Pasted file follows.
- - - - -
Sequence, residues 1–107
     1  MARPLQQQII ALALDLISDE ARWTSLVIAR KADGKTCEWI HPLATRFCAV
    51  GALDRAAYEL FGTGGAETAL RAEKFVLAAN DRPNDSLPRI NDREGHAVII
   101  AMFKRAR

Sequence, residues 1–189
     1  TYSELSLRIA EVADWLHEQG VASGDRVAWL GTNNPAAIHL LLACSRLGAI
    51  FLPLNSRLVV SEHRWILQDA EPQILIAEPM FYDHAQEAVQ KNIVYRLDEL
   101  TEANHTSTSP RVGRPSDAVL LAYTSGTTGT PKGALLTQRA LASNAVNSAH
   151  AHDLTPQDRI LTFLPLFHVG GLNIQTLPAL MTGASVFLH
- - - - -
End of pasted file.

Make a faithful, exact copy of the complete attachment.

Sequence, residues 1–107
     1  MARPLQQQII ALALDLISDE ARWTSLVIAR KADGKTCEWI HPLATRFCAV
    51  GALDRAAYEL FGTGGAETAL RAEKFVLAAN DRPNDSLPRI NDREGHAVII
   101  AMFKRAR

Sequence, residues 1–189
     1  TYSELSLRIA EVADWLHEQG VASGDRVAWL GTNNPAAIHL LLACSRLGAI
    51  FLPLNSRLVV SEHRWILQDA EPQILIAEPM FYDHAQEAVQ KNIVYRLDEL
   101  TEANHTSTSP RVGRPSDAVL LAYTSGTTGT PKGALLTQRA LASNAVNSAH
   151  AHDLTPQDRI LTFLPLFHVG GLNIQTLPAL MTGASVFLH